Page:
Peter Karp Sprucely Straddles Line Of Bluesman & Roots Artist Via “Magnificent Heart” (Album Review)

Peter Karp is certainly far from a household name, but he’s sung and written some of the most honest and compelling songs over the past two decades. And, he is still doing so as Magnificent Heart stands alongside his very best work including 2007’s Shadows and Cracks and 2010’s He Said She Said with Sue Foley. This one follows last year’s Blue Flame, also one of his better projects in his strong body of work. As per usual, Karp’s eye for detail, the range of emotions, and clever sense of humor prevail. He straddles the line between bluesman and roots singer-songwriter. His multi-instrumental skills and raw soul inform the former while his stunning wordplay informs the latter.

This one is not quite as infused with high profile guests as the previous but Kim Wilson (harmonica) and Jason Ricci (harmonica) do appear on select tracks while John Ginty (B3 organ) joins the core band consisting of Karp (slide guitar, solo and rhythm guitar, piano, vocals), Paul Carbonara (guitar and solo guitar –“The Letter, “This World’), James Otis Karp (Peter’s son) (solo guitar on “Sacred”), Niles Terrat (bass), Edward Williams (bass), Michael Catapano (drums/percussion) with the Cold City Horns (Jacob Wynne -trumpet And David Kasper -tenor sax) and Eyrn O’ree -background vocals.

Kim Wilson’s harp and a stomping beat propel Karp’s opener, the defiant “Sitting on the Edge of the World.” It’s a great way to kick off the album and like many, has an interesting backdrop for its inspiration, inspired by a book called “The Road.” Karp relates, “I read it while I lived for a few days in the Reeperbahn in Hamburg, Germany. The rain-soaked lights in the red light district, the perfume of the street walkers, the ghosts of the young Beatles and ‘The Road” delivered me this post apocalyptic love song.”

Karp quickly shifts to piano for the ebullient “The Letter” as Ginty’s B3 and background vocals create a huge swelling sound. That one could be an autobiographical song as Karp relates, “everyone carries the letter.” “She Breaks Her Own Heart” takes an interesting angle on the blame game in a breakup. Karp says, “Not so in this case, I don’t kiss and tell. I write songs. Pure fiction. Ugh.” Some owe to more complicated back stories. The softer sentiment in “The World” was born from a friend requesting that Karp pen a song for him. He decided to keep that one for himself, featuring his own piercing guitar lead and a huge buildup to the resounding finale. “Face the Wind,” the closer, was written while living in a little village in Turkey with isolation (oh, we know it too well now), the calls to prayer and walking 2000-year-old streets forming its inspiration.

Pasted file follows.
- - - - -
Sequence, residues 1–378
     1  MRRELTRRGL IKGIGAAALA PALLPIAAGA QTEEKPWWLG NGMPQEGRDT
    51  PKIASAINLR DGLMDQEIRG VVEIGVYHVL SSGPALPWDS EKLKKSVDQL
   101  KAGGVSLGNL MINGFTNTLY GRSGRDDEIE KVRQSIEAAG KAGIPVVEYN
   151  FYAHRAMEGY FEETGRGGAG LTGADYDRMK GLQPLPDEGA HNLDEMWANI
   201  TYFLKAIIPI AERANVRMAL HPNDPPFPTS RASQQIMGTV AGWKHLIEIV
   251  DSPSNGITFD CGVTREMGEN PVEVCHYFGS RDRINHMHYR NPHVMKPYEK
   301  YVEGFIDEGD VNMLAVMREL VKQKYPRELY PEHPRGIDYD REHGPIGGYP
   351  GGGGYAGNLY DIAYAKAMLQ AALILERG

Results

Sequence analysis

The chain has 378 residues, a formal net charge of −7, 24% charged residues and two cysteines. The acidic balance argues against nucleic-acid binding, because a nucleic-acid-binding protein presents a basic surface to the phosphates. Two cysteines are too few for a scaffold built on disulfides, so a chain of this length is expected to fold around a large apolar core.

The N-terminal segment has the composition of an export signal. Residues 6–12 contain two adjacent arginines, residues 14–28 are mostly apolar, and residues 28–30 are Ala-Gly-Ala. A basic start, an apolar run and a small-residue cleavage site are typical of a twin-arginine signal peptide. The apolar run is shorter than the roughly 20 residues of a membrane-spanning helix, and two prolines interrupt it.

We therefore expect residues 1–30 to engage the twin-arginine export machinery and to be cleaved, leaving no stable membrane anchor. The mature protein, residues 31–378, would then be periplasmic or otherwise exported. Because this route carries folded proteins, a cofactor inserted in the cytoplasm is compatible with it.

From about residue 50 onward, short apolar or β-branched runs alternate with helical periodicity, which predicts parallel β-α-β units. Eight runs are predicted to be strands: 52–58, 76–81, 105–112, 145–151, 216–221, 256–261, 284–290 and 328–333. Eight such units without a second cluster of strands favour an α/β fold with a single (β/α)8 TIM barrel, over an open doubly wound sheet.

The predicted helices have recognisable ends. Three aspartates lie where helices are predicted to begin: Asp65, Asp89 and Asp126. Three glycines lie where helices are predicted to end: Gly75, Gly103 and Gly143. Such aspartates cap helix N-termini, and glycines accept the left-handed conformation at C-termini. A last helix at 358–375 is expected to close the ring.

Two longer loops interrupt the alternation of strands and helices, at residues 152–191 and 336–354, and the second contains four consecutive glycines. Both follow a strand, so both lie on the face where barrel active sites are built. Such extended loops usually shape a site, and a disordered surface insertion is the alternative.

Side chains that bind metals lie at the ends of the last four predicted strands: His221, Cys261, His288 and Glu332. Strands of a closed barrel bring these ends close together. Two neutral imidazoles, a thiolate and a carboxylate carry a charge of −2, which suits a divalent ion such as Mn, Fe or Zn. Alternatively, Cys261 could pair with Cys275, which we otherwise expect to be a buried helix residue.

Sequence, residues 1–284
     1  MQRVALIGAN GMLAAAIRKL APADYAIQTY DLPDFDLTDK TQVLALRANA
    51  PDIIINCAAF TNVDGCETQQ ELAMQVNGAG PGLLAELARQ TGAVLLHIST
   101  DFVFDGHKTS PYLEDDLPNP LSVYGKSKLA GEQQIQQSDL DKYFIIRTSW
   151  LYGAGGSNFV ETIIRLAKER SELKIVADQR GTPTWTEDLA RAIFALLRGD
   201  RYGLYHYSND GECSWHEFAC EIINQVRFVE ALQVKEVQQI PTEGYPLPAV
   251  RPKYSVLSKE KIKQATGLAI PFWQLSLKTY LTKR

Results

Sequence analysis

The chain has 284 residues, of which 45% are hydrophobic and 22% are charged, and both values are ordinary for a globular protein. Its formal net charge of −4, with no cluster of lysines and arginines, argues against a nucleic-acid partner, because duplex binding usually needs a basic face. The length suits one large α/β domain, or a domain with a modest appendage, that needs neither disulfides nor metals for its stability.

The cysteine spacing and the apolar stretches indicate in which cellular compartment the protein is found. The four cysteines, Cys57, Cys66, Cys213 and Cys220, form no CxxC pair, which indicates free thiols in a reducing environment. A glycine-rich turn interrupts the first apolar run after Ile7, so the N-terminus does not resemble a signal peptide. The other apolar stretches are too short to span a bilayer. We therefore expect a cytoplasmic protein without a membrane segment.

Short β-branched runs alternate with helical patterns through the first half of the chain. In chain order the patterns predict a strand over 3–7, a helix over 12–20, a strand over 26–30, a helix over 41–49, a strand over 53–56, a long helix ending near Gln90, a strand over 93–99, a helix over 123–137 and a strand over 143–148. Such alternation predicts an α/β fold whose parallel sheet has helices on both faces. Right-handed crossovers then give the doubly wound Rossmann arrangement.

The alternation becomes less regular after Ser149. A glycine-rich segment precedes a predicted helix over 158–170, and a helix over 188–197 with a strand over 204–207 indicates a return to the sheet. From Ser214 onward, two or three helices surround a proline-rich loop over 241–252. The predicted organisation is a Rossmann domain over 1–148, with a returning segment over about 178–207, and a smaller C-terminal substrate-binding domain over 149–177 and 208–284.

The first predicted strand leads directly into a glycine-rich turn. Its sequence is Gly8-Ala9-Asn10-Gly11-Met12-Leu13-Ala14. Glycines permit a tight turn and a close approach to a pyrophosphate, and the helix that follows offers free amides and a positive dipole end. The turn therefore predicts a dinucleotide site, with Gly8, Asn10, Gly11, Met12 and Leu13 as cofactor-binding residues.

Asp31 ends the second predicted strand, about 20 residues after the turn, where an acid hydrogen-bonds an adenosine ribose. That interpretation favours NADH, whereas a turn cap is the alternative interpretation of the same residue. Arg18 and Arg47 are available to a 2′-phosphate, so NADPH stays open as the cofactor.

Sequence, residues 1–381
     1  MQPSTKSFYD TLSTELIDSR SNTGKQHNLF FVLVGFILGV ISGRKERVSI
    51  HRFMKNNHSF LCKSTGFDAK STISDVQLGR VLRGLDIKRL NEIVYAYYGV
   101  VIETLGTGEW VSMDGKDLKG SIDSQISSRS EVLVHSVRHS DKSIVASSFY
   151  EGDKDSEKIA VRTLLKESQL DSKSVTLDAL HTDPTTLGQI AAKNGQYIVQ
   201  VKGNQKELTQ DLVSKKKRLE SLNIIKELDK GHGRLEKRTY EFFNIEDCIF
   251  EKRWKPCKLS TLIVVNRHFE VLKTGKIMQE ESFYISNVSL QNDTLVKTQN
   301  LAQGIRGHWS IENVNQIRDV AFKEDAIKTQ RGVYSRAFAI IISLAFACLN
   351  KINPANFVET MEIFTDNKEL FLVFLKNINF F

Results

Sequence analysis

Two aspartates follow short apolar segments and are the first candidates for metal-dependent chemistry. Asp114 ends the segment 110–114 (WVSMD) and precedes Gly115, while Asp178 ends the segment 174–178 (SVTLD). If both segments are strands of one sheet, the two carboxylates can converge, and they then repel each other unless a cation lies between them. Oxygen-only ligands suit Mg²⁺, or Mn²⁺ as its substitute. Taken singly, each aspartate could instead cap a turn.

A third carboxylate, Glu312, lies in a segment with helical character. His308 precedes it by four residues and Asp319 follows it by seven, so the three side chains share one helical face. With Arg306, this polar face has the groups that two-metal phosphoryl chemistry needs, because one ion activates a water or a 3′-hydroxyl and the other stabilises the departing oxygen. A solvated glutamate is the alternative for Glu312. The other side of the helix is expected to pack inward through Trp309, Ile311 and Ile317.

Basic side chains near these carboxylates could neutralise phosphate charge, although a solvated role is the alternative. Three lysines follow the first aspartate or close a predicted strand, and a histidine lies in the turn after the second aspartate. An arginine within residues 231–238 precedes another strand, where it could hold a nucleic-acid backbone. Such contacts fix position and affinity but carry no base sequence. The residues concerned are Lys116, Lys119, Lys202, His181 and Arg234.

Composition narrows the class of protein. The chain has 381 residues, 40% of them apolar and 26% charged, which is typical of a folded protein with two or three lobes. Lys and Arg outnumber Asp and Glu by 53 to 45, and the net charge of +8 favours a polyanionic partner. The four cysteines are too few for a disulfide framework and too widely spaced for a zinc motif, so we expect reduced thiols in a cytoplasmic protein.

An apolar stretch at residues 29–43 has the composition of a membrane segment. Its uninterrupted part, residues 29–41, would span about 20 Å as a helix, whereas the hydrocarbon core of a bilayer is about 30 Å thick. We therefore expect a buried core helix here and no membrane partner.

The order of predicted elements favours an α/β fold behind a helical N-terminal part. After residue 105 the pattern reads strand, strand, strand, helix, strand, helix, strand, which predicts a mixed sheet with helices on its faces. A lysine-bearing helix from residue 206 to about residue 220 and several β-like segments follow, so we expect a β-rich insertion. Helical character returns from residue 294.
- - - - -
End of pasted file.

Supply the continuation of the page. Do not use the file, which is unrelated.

Wilson returns for the stoic “The Grave” which has some passages resembling that old blues refrain is that anyway to get along”.  Karp’s son James Otis steps in with a guitar solo for the outstanding, simmering “Scared,” which originally started as a poem written by Peter’s late wife and poet Mary Lou Bonney Karp. He tried to keep the woman’s perspective on this tune which has been covered by many artists, calling this “the definitive version.” There’s some wry humor in “Chainsaw” – “out on a limb, out on a limb…baby got a chainsaw,” the chorus sung as workers in the field or (pardon the pun) a chain gang. The horns infuse the funky “Let It on Out” joined by Jason Ricci on harp. “Cool Cool Thing” brings an even filthier groove, as Karp punctuates with his slide guitar.

 “The Last Heartbeat” is structured as a soulful hymn while “Going Home” is an acoustic blues with Karp of resonator and Ricci on harp, thematically perhaps also aimed toward mortality. Karp claims that the piano/organ driven “Compassion” is about narcissism, self -empowerment and egotism, and how they live in the shadows of empathy, understanding and compassion. We all know at least one example where only the first half is true, unfortunately. 

More than anything this album is about strength and perseverance. Karp’s endured plenty personally but emerges steadfast and triumphant through his honest songwriting.

Photo by Andrea Behrends


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